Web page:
The Banking System
The banking system in New Zealand is a relatively simple one structurally and comprises a central bank–the Reserve Bank of New Zealand–five commercial or trading banks (each with its own private savings bank), trustee savings banks, and the New Zealand Post Office Savings Bank. A number of other institutions in New Zealand notably the stock and station agency companies also undertake some functions usually regarded as distinctive to banking business. But as such transactions as the acceptance of deposits and the operation of current accounts that may be drawn on by cheque or order are normally a relatively small proportion of their total business, and as their total deposits are small compared with those of the trading banks, they are not required to comply with legislation relating to banks. This position, however, may change in the future.
In the banking system the central bank is the youngest member apart from some of the trustee savings banks and the private savings banks which opened in October 1964. This position is by no means peculiar to New Zealand and reflects the tremendous changes in banking and in attitudes towards monetary or credit policies since the early nineteen thirties. The Reserve Bank of New Zealand commenced business in 1934, almost 100 years after the first trading bank began business in this country. The Union Bank of Australia later merged in 1951 with the Bank of Australasia into the Australia and New Zealand Bank Ltd., opened in New Zealand in 1840. Of the other four trading banks two, the Bank of New South Wales and the Bank of New Zealand, commenced business in 1861 and have thus recently celebrated their centenaries. The National Bank of New Zealand Ltd. began business in 1873, while the latest and most recent was the Commercial Bank of Australia which commenced business in this country in 1912.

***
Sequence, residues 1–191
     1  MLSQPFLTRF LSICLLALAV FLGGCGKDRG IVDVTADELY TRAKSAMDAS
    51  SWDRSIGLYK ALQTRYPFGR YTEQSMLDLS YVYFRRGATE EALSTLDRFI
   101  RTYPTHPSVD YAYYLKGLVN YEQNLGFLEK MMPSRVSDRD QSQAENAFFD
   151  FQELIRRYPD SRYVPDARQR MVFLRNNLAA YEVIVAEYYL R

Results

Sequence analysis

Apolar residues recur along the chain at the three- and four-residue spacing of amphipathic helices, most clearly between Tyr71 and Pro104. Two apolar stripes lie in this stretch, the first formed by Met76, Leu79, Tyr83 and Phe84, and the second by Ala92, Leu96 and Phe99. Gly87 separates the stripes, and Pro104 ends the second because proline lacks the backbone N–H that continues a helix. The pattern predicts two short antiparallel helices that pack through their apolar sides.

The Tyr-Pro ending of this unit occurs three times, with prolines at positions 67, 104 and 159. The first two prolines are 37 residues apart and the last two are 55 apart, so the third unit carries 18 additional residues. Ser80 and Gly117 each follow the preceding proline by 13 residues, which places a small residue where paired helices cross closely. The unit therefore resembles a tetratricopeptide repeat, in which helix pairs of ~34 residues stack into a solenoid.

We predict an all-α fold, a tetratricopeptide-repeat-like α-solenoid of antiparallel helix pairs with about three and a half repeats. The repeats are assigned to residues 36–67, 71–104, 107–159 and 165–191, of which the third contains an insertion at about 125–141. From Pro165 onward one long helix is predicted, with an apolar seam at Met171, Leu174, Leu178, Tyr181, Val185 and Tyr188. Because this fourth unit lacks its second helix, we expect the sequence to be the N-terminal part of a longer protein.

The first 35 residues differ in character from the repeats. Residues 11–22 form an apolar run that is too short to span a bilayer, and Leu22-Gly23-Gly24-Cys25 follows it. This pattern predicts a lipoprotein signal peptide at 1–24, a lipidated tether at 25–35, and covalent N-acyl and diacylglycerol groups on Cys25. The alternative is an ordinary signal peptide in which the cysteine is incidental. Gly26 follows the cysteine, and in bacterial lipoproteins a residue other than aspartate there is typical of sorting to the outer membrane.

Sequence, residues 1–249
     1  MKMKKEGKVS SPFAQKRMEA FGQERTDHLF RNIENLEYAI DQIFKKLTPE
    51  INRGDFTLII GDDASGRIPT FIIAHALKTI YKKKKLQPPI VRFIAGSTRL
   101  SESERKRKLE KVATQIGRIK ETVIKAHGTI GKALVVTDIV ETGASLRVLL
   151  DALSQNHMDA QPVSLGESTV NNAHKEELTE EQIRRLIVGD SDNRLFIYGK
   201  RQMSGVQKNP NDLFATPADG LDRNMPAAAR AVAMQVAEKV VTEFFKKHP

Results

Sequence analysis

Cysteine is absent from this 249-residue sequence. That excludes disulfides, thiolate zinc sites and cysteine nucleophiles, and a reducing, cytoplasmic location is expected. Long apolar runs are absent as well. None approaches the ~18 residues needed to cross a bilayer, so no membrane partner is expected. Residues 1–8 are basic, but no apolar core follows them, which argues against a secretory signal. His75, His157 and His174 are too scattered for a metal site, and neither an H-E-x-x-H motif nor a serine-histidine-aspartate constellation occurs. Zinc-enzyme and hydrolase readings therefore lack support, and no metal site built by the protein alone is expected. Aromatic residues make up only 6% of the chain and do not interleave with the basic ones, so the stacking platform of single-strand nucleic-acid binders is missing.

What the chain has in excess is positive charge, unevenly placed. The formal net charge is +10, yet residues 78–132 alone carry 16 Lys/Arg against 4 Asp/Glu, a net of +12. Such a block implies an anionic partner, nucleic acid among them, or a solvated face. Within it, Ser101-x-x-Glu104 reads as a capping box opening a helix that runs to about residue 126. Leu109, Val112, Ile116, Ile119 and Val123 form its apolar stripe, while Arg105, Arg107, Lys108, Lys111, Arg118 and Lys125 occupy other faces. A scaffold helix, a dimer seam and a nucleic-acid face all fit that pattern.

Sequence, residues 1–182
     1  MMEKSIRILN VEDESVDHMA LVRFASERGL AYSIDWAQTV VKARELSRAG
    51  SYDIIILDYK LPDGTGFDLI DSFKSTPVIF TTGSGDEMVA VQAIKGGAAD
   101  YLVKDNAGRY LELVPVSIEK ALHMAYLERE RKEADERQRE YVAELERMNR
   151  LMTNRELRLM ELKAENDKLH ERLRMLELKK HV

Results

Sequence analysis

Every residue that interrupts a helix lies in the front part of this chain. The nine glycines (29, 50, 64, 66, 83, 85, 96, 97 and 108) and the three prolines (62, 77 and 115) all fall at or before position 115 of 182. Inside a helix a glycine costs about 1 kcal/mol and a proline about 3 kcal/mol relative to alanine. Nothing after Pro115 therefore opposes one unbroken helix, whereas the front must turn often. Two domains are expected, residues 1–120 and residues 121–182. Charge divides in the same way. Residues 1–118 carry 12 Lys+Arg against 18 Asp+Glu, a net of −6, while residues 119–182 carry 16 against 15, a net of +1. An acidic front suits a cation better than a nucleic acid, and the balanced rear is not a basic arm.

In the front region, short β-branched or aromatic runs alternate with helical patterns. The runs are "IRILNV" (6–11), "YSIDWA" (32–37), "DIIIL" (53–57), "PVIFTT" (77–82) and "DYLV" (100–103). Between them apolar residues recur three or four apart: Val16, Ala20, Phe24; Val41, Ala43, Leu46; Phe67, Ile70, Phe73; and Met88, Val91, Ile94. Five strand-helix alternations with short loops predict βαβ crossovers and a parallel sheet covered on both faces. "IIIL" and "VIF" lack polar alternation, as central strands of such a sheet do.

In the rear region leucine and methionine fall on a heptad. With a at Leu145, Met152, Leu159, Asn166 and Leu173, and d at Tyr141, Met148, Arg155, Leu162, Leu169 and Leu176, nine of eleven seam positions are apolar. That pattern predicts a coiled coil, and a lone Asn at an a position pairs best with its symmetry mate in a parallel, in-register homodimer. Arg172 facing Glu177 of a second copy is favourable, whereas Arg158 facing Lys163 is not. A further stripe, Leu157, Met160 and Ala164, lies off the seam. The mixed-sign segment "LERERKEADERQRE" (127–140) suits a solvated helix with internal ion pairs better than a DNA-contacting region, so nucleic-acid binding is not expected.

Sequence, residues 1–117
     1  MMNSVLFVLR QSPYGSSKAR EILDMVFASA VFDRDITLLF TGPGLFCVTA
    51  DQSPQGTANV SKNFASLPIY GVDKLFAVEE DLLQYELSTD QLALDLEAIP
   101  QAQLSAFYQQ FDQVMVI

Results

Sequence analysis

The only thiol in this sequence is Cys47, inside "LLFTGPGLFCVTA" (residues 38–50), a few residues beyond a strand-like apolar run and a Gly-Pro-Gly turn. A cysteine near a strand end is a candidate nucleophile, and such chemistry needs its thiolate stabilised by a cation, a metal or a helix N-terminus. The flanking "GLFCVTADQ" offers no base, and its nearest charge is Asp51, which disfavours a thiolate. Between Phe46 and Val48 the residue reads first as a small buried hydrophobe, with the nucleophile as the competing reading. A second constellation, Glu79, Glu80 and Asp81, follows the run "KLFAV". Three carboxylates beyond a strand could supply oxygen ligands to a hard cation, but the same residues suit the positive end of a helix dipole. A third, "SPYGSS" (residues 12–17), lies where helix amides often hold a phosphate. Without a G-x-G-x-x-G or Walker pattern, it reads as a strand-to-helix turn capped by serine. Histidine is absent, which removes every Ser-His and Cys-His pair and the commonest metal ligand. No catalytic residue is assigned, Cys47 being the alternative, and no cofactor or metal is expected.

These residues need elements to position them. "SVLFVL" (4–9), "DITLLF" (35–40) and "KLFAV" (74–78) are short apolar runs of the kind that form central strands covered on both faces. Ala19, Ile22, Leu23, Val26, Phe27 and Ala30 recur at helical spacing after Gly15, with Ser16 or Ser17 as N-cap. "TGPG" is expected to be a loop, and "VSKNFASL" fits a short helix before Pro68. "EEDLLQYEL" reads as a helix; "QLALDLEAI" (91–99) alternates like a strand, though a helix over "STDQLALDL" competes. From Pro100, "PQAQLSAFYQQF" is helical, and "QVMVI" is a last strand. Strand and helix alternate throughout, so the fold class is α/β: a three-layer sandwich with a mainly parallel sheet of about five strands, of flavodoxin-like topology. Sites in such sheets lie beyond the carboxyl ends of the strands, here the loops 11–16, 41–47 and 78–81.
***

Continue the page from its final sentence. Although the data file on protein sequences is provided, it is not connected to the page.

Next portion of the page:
The trustee savings banks have an equally long history, the first such being established in Auckland in 1847. By 1870 nine trustee banks were in existence but four, Lyttelton, Wellington, Napier, and Nelson, did not survive the turn of the century. The five remaining ones–Auckland (1847), New Plymouth (1850), Dunedin (1864), Invercargill (1864), and Hokitika (1866)–have prospered.
The Trustee Savings Banks Amendment Act of 1957 gave authority to the Minister of Finance to approve in certain circumstances the opening of new savings banks, and in June 1959 the Waikato Savings Bank began business in Hamilton. Since then several other banks have been established.
The Post Office Savings Bank, by far the biggest savings bank, was established in 1867, and has since grown into a major financial institution .